REBEL Cast Ep100: REVVED UP – COVID-19 Vaccination in the ED

Background:

COVID-19 is now a vaccine preventable illness but, unfortunately, many have not received the COVID-19 vaccine due to a number of reasons including access, misinformation and a lack of confidence.  In the US, the emergency department is the safety net of healthcare and could play a bigger role in increasing vaccination rates in vulnerable populations (i.e. immigrants, homeless, impoverished, minorities, without primary care, and uninsured).

REBEL Cast 100.0 – REVVED UP – COVID-19 Vaccination in the ED

Paper: Rodriguez RM et al. The Rapid Evaluation of COVID-19 Vaccination in Emergency Departments for Underserved Patients Study. Ann Emerg Med 2021. PMID: 34272104 [Access on Read by QxMD]

Clinical Question: What are the emergency department patient concerns around COVID-19 vaccination in the ED?

What They Did:

  • Cross-sectional, in-person, survey study conducted from December 2020 to March 2021 at 15 safety net US EDs
  • Rapid Evaluation of COVID-19 Vaccination in EDs for Underserved Patients (REVVED UP)
  • Vaccine hesitancy = No or unsure response to question, “Would you accept the COVID-19 vaccine when it becomes available?”

Outcomes:

  • Primary:
    • COVID-19 vaccine hesitancy rate
    • Reasons for low vaccine confidence
    • Willingness to get the COVID-19 vaccine in the ED

Inclusion:

  • Adults >18 years of age presenting to the ED

Exclusion:

  • Major trauma
  • Transfer from another facility
  • Incarceration
  • Psychiatric hold
  • Intoxication
  • Altered mental status
  • Critical illness
  • Temporary visit from another country

Results:

  • 2,575 patients approached
    • 2,301 (89.4%) participated
    • 339 (14.7%) previously diagnosed with COVID-19
    • 81% of respondents had primary care doctors or clinics
    • 4% lacked a regular source of medical care
      • 65% of this group use the ED as their usual source of healthcare
    • Overall rate of lack of vaccine confidence = 39% (Range 28 to 58%)
      • Lacking a regular source of medical care was more common among those with low confidence in vaccines than those with a regular source of medical care: 47% vs 38%; 9% difference; 95% CI 4% to 14%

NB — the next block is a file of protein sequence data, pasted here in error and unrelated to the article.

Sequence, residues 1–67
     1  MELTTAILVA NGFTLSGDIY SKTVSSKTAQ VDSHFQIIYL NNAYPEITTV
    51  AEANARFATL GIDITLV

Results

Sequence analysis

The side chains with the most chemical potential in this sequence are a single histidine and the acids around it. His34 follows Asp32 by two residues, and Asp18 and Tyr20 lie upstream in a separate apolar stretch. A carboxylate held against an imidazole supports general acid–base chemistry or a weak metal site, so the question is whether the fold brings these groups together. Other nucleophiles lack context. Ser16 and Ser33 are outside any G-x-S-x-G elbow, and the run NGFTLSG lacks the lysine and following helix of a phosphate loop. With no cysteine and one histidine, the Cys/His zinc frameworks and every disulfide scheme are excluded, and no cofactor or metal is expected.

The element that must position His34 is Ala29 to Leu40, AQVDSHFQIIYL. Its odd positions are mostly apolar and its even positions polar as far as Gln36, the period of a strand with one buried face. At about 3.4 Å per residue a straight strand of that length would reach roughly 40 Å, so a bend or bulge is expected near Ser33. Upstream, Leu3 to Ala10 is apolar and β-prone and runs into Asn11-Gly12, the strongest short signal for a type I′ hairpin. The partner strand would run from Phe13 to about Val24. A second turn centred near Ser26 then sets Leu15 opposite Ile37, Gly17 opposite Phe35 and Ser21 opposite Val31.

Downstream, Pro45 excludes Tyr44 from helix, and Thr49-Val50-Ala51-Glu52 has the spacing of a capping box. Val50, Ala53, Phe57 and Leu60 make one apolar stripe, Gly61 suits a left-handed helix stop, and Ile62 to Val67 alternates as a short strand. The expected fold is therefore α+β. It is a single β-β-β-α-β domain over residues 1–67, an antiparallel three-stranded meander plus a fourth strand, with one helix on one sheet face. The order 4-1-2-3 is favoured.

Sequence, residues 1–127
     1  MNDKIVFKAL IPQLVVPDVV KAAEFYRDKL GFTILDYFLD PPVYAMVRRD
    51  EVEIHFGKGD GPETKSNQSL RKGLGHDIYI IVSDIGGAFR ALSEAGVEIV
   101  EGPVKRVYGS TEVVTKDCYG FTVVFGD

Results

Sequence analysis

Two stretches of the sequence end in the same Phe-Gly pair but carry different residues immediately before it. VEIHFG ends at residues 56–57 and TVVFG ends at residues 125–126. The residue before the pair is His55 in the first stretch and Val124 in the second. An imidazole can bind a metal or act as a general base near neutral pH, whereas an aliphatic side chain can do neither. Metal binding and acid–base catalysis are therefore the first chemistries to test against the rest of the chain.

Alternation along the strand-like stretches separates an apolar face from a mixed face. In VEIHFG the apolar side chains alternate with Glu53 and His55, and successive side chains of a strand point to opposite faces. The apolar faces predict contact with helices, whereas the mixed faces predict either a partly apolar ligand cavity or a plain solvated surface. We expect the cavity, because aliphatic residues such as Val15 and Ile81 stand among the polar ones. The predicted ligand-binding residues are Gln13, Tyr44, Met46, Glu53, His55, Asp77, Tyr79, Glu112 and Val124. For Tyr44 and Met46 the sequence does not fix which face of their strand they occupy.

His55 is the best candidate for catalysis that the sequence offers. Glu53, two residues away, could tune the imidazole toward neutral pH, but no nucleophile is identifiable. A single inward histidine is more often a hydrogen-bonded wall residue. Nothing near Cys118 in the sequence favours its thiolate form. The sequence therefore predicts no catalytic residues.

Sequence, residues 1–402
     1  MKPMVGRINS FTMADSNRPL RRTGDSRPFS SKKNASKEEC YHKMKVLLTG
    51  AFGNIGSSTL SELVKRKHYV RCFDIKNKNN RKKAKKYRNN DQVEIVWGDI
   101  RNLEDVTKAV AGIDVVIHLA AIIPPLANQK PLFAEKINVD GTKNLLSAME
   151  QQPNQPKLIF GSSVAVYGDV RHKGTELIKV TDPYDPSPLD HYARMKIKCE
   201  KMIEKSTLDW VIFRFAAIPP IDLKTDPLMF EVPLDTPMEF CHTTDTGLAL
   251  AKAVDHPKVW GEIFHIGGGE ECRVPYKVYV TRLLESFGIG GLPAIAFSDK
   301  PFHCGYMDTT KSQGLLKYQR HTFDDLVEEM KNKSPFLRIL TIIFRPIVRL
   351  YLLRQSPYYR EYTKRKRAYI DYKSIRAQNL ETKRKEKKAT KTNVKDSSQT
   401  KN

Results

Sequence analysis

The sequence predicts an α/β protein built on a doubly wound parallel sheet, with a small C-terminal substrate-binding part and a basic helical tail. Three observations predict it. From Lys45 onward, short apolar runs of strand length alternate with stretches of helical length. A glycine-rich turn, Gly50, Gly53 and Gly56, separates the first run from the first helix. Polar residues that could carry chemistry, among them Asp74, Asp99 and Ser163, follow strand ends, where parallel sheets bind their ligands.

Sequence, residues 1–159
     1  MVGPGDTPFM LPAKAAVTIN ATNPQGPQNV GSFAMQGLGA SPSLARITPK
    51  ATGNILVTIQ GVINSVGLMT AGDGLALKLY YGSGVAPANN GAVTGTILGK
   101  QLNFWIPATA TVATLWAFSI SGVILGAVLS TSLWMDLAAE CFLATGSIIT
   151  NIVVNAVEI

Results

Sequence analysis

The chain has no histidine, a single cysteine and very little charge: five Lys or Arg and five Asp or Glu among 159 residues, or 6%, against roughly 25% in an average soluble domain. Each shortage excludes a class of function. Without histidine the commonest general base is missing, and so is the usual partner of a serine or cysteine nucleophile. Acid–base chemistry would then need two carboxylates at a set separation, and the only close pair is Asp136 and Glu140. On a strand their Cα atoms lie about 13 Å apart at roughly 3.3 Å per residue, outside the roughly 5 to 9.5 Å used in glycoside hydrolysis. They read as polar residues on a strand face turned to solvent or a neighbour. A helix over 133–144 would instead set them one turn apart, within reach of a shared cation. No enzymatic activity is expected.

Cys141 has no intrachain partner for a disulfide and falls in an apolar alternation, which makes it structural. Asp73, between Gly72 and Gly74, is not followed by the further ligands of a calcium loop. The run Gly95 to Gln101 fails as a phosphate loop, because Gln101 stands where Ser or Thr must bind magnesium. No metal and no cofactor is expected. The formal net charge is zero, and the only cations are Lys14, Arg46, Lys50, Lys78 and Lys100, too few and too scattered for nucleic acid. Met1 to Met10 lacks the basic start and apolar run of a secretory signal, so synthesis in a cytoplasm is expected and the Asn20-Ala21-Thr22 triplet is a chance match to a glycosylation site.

• Other characteristics associated with greater lack of vaccine confidence:
      • Younger age (median 40yrs vs 52yrs)
      • Female sex (45% vs 33%)
      • Black race (54% vs 30%)
      • Latinx ethnicity (39% vs 30%)
      • Not having received an influenza vaccine in the past 5 years (58% vs 31%)
      • Homelessness and uninsured status were not associated with greater lack of vaccine confidence
    • Reasons for Lack of Vaccine Confidence:
      • Concerns about side effects and safety: 65%
      • Need for more information: 47%
      • Having heard stories in the media or online: 24%
      • Respondents who had primary care: “Don’t believe the vaccine will work” = 12%
      • Respondents who did not have primary care: “Not worried about getting COVID-19 infection” = 16%
    • Of the 61% who would accept a COVID-19 vaccine, 21% stated they lacked a primary physician or clinic at which to receive it
      • 95% of these respondents would accept the COVID-19 vaccine as part of their care in the ED

Strengths:

  • Asks a clinically important question
  • In-person survey study of patients conducted in real-world setting
  • Survey developed by reviewing existing literature on vaccine hesitancy and consulting with experts in survey development
  • Survey pilot tested on 6 ED patients at the core site with excellent comprehension and response consistency